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-   -   Struggling with focus/sharpness (https://www.birdforum.net/showthread.php?t=363931)

falconer2406 Sunday 1st July 2018 20:49

Struggling with focus/sharpness
 
1 Attachment(s)
Hi All,

Of late i am really struggling with my 7dmk11 and 100-400 is usm mk11 lens
The attached picture taken recently, using single focal point and the camera indicating focus achieved gives me this result.

Its obvious the focal point sits right over the subject and with the camera indicating focus achieved i don't understand as to why the result is as it is.

Happy to accept finger/setting trouble but is this a lens issues?

Dave Williams Monday 2nd July 2018 17:56

I often find that the focus point indicates that it should be sharp but isn't ( and vice versa for that matter) but usually on moving subjects and at a high frame per second rate.
Is your focus problem in all scenarios or just when you attempt macro shots? Are you too close and within the focus limit distance? Maybe you need to give a few more scenarios so perhaps others can think of where you might be experiencing problems.

Vespobuteo Monday 2nd July 2018 18:05

Quote:

Originally Posted by falconer2406 (Post 3736687)
Hi All,

Of late i am really struggling with my 7dmk11 and 100-400 is usm mk11 lens
The attached picture taken recently, using single focal point and the camera indicating focus achieved gives me this result.

Its obvious the focal point sits right over the subject and with the camera indicating focus achieved i don't understand as to why the result is as it is.

Happy to accept finger/setting trouble but is this a lens issues?

Might be a back-focus issue as you seem to have correct focus behind the focus point.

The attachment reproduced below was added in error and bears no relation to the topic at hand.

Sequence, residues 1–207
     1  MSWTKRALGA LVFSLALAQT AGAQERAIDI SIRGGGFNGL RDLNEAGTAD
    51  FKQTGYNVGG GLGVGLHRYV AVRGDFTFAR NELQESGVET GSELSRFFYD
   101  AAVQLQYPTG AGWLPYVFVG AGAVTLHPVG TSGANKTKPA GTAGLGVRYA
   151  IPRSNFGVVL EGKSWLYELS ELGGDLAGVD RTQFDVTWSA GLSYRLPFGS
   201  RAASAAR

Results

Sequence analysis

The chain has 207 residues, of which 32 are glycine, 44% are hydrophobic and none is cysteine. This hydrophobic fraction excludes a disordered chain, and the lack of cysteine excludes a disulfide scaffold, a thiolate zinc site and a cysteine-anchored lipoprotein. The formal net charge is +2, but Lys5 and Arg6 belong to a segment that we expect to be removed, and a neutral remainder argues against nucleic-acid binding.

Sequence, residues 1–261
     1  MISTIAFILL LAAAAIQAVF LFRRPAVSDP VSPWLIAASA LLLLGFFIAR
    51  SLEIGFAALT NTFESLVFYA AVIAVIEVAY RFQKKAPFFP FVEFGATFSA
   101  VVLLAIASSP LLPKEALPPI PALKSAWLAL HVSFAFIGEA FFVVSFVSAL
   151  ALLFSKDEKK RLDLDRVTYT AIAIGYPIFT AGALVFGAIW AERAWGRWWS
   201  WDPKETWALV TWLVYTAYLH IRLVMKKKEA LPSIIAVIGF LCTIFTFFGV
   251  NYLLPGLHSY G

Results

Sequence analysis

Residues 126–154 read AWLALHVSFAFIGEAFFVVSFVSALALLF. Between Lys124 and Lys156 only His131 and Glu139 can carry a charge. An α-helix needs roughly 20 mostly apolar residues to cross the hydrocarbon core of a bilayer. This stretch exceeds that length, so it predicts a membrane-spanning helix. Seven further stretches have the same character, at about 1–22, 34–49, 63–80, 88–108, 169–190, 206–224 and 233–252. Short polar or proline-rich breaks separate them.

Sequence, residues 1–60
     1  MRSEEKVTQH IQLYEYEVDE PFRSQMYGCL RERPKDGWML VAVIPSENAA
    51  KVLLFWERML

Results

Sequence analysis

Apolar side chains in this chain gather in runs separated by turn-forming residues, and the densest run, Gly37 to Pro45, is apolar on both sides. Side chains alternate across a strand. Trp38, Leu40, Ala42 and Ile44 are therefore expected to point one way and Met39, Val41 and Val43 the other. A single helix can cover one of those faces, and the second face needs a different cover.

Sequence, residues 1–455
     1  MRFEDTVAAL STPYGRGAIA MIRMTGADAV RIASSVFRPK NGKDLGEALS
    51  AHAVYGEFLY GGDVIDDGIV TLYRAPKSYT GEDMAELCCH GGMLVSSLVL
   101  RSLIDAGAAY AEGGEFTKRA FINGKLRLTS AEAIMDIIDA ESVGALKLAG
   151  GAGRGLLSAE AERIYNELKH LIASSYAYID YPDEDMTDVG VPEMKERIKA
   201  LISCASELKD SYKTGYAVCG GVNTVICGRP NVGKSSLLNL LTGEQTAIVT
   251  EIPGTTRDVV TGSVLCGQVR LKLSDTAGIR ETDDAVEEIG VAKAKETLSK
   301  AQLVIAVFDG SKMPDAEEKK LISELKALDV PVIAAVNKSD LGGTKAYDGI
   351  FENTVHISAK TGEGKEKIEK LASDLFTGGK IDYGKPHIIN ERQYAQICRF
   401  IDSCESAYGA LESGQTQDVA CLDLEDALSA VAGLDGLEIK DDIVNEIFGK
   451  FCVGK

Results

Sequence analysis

https://www.the-digital-picture.com/...ment-tips.aspx

LesR Monday 2nd July 2018 18:06

To my eyes that photo looks like it is back focusing.

falconer2406 Tuesday 3rd July 2018 21:04

Quote:

Originally Posted by Vespobuteo (Post 3736953)
Might be a back-focus issue as you seem to have correct focus behind the focus point.

https://www.the-digital-picture.com/...ment-tips.aspx


Many thanks for this and the link, certainly looks interesting, i will attempt some adjustments and report back

falconer2406 Tuesday 3rd July 2018 21:05

Quote:

Originally Posted by LesR (Post 3736954)
To my eyes that photo looks like it is back focusing.

Thanks Les, certainly appears that way, i am attempting some adjustments and will report back

falconer2406 Tuesday 3rd July 2018 21:06

Quote:

Originally Posted by Dave Williams (Post 3736951)
I often find that the focus point indicates that it should be sharp but isn't ( and vice versa for that matter) but usually on moving subjects and at a high frame per second rate.
Is your focus problem in all scenarios or just when you attempt macro shots? Are you too close and within the focus limit distance? Maybe you need to give a few more scenarios so perhaps others can think of where you might be experiencing problems.

Thanks Dave the below currently applies

Hauksen Tuesday 3rd July 2018 22:36

Hi,

Quote:

Originally Posted by falconer2406 (Post 3736687)
Its obvious the focal point sits right over the subject and with the camera indicating focus achieved i don't understand as to why the result is as it is.

From using my FZ1000 in manual focusing mode with a "sharp edge highlighting" kind of live view, it's my impression that the edges of the mesh of dragonflies' wings are quite dominant, and these edges are sharp in your photograph, too.

I'd not be suprised if the algorithms used by your camera got "attracted" by these edges. It might be worth it to try different targets (like uniform graph paper) under controlled conditions (with the camera on a tripod) to see if the problem is universal.

Regards,

Henning

Vespobuteo Tuesday 3rd July 2018 23:24

Quote:

Originally Posted by Hauksen (Post 3737457)
Hi,

From using my FZ1000 in manual focusing mode with a "sharp edge highlighting" kind of live view, it's my impression that the edges of the mesh of dragonflies' wings are quite dominant, and these edges are sharp in your photograph, too.